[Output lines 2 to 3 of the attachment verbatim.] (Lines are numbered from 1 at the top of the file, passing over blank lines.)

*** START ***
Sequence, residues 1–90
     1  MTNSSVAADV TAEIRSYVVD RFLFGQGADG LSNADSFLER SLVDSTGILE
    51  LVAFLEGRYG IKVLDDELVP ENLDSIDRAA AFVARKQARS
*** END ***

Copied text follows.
     1  MTNSSVAADV TAEIRSYVVD RFLFGQGADG LSNADSFLER SLVDSTGILE
    51  LVAFLEGRYG IKVLDDELVP ENLDSIDRAA AFVARKQARS